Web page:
Tension between police officers and the people they are meant to protect can often be difficult to manage. It is not odd for an area’s citizens to feel constrained by the law and to transfer their frustration to the good men and women who have dedicated their lives to enforcing it.
The Pennsylvania State Police have developed a program that hopes to relieve some of this tension by giving the public a better idea of what kind of training officers go through and what they experience on an everyday basis. They also wanted to provide a platform where the public has more opportunity to interact with the police, allowing them to express themselves and tell officers exactly how they feel.
Troop H of the State Police in Delta, Pennsylvania are doing their part by hosting the Citizens’ Police Academy in Delta over a 10-week period starting this October. So far the program has received 5 applicants, but troopers are hoping to receive somewhere between 30 and 40.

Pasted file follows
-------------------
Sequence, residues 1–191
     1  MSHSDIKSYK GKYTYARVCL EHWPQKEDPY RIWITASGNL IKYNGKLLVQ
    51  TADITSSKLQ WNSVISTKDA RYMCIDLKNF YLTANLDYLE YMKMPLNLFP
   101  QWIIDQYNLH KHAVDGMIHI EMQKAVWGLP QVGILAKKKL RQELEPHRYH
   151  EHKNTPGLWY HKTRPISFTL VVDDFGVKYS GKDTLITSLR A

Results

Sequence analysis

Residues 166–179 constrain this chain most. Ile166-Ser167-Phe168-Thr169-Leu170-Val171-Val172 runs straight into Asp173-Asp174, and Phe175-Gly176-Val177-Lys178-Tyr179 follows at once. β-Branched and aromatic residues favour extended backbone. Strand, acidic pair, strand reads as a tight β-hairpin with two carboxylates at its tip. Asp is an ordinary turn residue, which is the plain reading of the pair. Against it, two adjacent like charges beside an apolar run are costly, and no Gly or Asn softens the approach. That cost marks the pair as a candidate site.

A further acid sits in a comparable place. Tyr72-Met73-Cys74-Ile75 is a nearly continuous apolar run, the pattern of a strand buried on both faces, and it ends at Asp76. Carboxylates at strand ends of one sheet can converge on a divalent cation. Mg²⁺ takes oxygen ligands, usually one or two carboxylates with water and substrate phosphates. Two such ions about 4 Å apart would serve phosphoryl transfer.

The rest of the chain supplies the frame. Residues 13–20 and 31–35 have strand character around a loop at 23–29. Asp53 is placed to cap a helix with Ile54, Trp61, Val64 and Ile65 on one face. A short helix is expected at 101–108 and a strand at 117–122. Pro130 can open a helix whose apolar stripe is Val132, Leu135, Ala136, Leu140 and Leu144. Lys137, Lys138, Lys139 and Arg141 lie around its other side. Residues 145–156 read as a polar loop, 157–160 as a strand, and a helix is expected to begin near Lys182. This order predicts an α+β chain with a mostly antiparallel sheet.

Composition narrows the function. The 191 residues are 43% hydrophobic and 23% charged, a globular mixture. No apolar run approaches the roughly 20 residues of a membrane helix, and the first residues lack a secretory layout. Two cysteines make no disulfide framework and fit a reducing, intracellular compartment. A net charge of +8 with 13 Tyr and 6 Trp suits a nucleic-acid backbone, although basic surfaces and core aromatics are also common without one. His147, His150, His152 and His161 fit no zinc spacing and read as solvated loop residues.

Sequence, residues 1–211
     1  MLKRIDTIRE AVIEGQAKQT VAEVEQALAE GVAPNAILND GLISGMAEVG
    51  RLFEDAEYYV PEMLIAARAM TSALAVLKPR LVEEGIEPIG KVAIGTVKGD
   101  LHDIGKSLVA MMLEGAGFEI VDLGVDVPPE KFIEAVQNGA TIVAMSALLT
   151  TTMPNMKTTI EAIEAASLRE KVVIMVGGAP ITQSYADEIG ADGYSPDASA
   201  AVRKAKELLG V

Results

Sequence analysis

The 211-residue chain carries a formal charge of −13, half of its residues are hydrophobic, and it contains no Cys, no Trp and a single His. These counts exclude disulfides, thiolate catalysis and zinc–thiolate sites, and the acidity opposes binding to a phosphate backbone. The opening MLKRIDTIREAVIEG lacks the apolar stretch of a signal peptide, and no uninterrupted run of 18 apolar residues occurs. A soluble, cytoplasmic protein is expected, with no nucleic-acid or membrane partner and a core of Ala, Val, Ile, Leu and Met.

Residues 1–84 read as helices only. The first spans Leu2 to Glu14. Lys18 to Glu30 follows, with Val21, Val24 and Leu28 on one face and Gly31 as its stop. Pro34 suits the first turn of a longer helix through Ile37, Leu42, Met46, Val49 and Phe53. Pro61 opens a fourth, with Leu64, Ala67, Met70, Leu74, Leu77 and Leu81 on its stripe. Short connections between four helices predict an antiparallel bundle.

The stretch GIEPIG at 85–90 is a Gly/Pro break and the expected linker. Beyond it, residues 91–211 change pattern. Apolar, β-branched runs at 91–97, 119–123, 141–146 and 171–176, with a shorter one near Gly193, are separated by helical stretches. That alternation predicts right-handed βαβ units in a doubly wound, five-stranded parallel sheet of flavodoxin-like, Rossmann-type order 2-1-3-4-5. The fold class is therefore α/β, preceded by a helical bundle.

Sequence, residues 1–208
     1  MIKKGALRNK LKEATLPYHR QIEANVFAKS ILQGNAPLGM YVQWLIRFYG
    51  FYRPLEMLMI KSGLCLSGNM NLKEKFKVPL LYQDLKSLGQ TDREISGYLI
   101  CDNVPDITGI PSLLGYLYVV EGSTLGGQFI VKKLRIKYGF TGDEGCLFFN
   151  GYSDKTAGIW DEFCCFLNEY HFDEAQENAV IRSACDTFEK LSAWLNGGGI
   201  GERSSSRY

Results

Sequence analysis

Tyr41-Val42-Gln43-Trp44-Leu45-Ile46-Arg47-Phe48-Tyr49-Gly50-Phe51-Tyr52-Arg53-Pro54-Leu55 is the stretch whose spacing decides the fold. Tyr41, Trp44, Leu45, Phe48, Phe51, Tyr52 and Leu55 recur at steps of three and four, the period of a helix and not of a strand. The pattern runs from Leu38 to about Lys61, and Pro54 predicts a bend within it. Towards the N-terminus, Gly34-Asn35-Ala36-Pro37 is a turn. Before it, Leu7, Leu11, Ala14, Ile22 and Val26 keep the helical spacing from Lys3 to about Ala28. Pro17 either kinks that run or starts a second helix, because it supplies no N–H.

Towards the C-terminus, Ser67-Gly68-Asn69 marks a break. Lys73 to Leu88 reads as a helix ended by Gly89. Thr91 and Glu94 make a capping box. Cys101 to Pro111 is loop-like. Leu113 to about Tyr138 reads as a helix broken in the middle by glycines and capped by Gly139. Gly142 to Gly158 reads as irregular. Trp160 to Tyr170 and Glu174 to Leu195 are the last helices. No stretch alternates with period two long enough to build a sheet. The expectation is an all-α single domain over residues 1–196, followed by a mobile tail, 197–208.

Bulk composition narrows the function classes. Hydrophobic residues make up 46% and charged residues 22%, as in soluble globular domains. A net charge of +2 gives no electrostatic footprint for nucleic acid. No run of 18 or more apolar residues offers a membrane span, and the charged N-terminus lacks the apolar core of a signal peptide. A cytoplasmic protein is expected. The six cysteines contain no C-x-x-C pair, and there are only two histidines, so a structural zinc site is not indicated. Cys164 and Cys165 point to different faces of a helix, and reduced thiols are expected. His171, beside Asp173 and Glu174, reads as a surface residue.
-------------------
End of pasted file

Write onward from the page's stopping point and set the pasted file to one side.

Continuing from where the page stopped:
The academy will be held for 2 hours on Monday evening at a local community center and cover a diverse array of topics including subjects like crime patrols, investigating accidents, and interacting with the judicial system.
Troop H has experience running the academy, having run a similar program from 1999 through 2013. The program took a brief hiatus over the past 2 years but has been reinstated in the hopes that it will help to bridge the gap between law enforcement and citizens by providing the citizens with first hand knowledge.
Applicants must be 21 years old to apply and will need to have their applications in by September 23. A second set of sessions will also be held in Harrisburg, Pennsylvania during the same time period for those who cannot attend in Delta.